Now that the season is almost completely underway, Crunchyroll has announced yet another four titles coming to its streaming service. Said properties include The Quintessential Quintuplets on January 10, Date a Live III and B-PROJECT-Zeccho*Emotion on January 11, as well as ENDRO! On January 12. Said titles will also be available to stream on VRV. Just like last time, however, the question arises of “which titles are worth picking up this season?”
Let’s address the elephant in the room first, Date a Live III probably isn’t worth your time. The red flags have been there since the start, with the series receiving next to no promotional material during the lead up to its release on the 11th. It doesn’t help that J.C.Staff seemingly have bitten off more than they can chew this year, with A Certain Magical Index III carrying over to this winter season, as well as One-Punch Man Season 2 in the spring and A Certain Scientific Railgun and Accelerator slated for 2019 as well. While it’s a little reductive to group an entire studio into one entity entirely, given that J.C.Staff is subdivided six teams themselves, I still don’t think it would be reasonable to expect high-quality work across the board for so many big titles. A Certain Magical Index III has already been criticized for it’s clearly rushed production and based on comments from Date a Live III’s preliminary screening on January 7 it’s only gotten worse. The animation quality has been said to be wildly inconsistent and the characters break model very frequently. Even as a fan of the franchise, you should probably pass on this one. I can’t help but feel a little bad for director Keitaro Motonaga who has had to watch the series crumble from his time directing the first installment until now.
ENDRO! definitely stands out as the most promising of the batch. Based on the little information we’ve had up to this point it sounds like it will be filling a very similar niche to Konosuba, which definitely couldn’t come at a better time considering the resurgence of tabletop RPGs such as Dungeons and Dragons. The story will follow a group of young girls who attend an Adventurer’s Academy to prepare to fight a Demon Lord who rises up every so often and needs to be defeated. That being said, the Demon Lord has practically no presence in the narrative and it follows the shenanigans of the girls as they live their laid-back lives in the fantasy world. The character designs for the show are very reminiscent of YuruYuri, which would make sense considering they share character designer Namori. If you’re a fan of laid-back cute-girls-doing-cute-things then this show definitely looks like it will be worth checking out.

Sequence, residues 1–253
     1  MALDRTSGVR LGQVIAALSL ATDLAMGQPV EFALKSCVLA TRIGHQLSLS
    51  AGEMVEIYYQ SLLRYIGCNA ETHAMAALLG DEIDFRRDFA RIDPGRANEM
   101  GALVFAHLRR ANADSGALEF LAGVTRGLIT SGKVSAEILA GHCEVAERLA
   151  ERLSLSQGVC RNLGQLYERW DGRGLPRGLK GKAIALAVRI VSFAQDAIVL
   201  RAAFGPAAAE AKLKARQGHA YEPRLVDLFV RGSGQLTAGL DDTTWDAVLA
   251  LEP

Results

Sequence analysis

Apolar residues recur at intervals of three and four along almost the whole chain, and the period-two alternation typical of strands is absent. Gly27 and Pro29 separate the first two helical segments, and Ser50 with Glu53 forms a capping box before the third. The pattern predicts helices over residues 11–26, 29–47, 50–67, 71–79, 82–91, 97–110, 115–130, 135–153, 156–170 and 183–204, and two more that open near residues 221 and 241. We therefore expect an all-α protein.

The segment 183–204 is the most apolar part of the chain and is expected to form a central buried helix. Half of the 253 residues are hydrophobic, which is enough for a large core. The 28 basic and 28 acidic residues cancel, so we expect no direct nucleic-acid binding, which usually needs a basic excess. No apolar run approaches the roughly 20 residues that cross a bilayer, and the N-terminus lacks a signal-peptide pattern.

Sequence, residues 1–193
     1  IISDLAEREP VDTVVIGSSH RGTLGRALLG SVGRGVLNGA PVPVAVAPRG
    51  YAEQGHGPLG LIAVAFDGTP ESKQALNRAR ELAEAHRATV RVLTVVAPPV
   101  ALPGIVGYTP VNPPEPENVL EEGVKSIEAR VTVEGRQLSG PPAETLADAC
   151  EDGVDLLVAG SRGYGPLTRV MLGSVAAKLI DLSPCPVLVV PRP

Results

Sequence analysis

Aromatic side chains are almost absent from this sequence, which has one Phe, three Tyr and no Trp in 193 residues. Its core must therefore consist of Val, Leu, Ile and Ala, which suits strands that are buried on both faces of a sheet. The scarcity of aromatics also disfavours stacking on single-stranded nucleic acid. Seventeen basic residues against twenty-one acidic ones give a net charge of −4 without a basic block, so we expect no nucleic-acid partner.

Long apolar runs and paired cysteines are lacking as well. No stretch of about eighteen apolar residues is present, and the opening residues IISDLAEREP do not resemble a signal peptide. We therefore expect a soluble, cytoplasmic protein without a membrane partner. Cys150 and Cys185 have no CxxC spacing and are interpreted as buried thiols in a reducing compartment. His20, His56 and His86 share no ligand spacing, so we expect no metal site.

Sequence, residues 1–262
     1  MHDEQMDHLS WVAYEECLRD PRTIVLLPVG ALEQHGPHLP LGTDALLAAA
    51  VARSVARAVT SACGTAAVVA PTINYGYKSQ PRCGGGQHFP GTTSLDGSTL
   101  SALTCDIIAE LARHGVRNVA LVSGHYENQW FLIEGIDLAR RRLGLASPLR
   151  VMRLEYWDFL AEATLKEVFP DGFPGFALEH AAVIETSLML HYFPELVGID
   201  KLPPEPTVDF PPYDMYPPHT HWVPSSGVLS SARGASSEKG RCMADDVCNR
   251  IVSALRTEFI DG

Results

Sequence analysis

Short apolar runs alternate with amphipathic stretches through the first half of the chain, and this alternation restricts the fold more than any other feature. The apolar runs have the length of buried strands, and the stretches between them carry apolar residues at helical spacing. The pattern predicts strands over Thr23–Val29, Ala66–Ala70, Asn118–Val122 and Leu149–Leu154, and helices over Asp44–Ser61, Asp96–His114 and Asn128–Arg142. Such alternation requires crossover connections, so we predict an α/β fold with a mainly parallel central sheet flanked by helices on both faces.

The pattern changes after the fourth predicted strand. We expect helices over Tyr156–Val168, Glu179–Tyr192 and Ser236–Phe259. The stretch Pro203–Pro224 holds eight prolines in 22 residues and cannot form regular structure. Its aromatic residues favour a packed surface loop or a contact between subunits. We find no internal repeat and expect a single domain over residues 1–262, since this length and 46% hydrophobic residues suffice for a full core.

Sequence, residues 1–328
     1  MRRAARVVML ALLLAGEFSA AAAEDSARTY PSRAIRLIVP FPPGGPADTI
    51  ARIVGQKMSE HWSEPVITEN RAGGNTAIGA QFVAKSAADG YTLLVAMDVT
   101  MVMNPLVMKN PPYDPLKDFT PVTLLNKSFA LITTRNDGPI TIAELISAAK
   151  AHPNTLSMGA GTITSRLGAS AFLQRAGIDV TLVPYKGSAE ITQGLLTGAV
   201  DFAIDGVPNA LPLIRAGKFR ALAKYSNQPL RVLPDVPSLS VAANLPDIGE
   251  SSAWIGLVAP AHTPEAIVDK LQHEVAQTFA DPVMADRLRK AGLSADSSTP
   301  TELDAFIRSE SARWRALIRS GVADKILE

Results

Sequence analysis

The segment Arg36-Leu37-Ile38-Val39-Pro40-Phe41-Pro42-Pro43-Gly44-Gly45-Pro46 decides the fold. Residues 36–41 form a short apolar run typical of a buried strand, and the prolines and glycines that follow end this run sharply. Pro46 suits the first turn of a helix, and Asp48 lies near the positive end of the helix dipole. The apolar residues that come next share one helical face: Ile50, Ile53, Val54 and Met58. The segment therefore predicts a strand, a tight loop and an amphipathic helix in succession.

The Quintessential Quintuplets falls flat at its premise for me. As an adaptation of a harem manga of the same name, the premise does very little to intrigue me. The story follows a poor high-school boy who all-of-a-sudden gets a cushy tutoring gig, only to find out he has to teach five of his “beautiful” quintuplet classmates (who all happen to hate studying). While I’ll give it credit for managing to find a wacky premise despite existing in such an overplayed genre, in the end, I feel it’s reasonable to expect it to follow most of the regular harem conventions.
B-PROJECT-Zeccho*Emotion follows protagonist Sumisora Tsubasa as she manages a group of boy idols. The anime is part of a much larger mixed-media project, consisting of a manga, another anime, rhythm game, and a number of musical releases. Like many long-running series, this one can’t really be recommended. If you’re following the franchise, you should probably already know whether this one is worth picking up or not.
Overall, this batch of Crunchyroll shows feels a bit weaker than the last. With the apparent disappointment in Date a Live III, coupled with no stand out shows outside of the niche genre of cute-girls-doing-cute things, all there’s left to do is hope that Crunchyroll’s final batch is a bit stronger.